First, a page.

So what actually happens? As I mentioned earlier, it’s ten years after Drystan’s death, and Yseult has made her home in Britain, ruling benevolently over her husband’s former kingdom. Britain’s kings have been unified and have seen ten years of peace under Arthur. However, everyone is not as happy with this peace as Yseult and her allies, and suddenly there is war again, with the usual plotting, romance, intrigue and betrayal.

If you liked Yseult, you will like Shadow of Stone. And in case you haven’t read Yseult, you probably should.

Note: I got a free copy of this book from the author.

Amazon US: Shadow of Stone
Author Blog: http://ruthnestvold.wordpress.com/
Author Website: http://www.ruthnestvold.com/

Shadow of Stone by Ruth Nestvold (The Pendragon Chronicles, #2)
Red Dragon Books, 2013 | Buy the book

“Rojuun” by John H. Carroll

Rojuun is another free fantasy novel that I started on my trip but just finished. It’s set on the world of Ryallon, and features a misfit band of adventurers as they try to make some sense of their lives and accidentally get roped into saving the world.

This book tries to balance both epic fantasy and a lot of humour, and I think it would’ve been better if it had just stuck to one of the two genres. It fails at being a humour book by killing off a bunch of characters to start the story, and the cavalier way that the main characters act afterwards doesn’t reflect that story at all.

The worldbuilding was pretty standard, although I did enjoy some concepts, like the mysterious appearance of the Rojuun. The characters are all Mary Sues, and I had trouble thinking of them as actual people. The writing seemed a bit simplistic (lots of telling and not showing), which also got a bit grating. The romance was also a bit amateurish and somewhat uncomfortable, given the relative maturity of the characters involved. (I also felt the same way about the romance between Siri and the God King in Warbreaker.)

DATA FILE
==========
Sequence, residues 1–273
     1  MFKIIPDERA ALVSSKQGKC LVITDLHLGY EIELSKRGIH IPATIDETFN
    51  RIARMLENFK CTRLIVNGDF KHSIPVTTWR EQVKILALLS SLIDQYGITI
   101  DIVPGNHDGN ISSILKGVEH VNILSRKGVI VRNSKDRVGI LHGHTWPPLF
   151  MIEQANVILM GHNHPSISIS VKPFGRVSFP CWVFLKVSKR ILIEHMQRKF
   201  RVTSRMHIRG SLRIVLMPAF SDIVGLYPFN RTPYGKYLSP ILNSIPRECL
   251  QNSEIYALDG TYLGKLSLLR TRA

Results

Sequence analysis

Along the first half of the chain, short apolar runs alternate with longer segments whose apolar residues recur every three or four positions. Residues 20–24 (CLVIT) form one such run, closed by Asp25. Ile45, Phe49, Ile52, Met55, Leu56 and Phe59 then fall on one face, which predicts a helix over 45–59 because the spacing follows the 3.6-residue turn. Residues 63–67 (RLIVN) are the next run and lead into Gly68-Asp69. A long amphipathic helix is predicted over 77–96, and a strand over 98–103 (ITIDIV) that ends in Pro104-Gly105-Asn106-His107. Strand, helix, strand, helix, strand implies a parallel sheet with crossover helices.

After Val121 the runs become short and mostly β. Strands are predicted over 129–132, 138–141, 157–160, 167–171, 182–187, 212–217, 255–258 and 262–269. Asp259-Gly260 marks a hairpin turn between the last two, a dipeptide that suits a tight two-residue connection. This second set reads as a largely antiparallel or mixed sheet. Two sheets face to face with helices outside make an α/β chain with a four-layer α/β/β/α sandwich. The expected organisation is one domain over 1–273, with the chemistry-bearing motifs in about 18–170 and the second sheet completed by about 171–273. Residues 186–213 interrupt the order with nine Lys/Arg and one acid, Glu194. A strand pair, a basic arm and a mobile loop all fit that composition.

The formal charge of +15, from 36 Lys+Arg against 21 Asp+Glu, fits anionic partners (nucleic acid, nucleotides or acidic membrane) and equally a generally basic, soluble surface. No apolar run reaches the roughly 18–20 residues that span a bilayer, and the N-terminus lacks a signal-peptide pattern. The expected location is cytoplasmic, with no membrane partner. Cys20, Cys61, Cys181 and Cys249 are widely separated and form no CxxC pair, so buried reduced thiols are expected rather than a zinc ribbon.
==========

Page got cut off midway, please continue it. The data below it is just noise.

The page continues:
An okay read – I probably only finished it because I’m compulsive about finishing books. I’m somewhat curious about what happens next, but probably won’t get to the other two books anytime soon.

Rojuun by John H. Carroll (Willden Trilogy, #1)
Self-published, 2011 | Buy the book

“The Unfinished Song: Initiate” by Tara Maya

Looking at the cover of The Unfinished Song: Initiate and the author’s name, I figured that this was some fluffy romance disguised as fantasy, and that I’d probably hate it. Then I figured it was free, so why not get it. I’m glad I did.

Dindi is a young girl that is nearing her Initiation. She hopes to be picked to join the Tavaedi, who are highly skilled magical dancers. However, everyone she knows thinks that she’s awkward and unskilled, and that she will never make it. The other main character, Kavio, is a skilled dancer that is exiled from his tribe for a crime that he did not commit. His travel is in the hopes that he will find a new home in another tribe.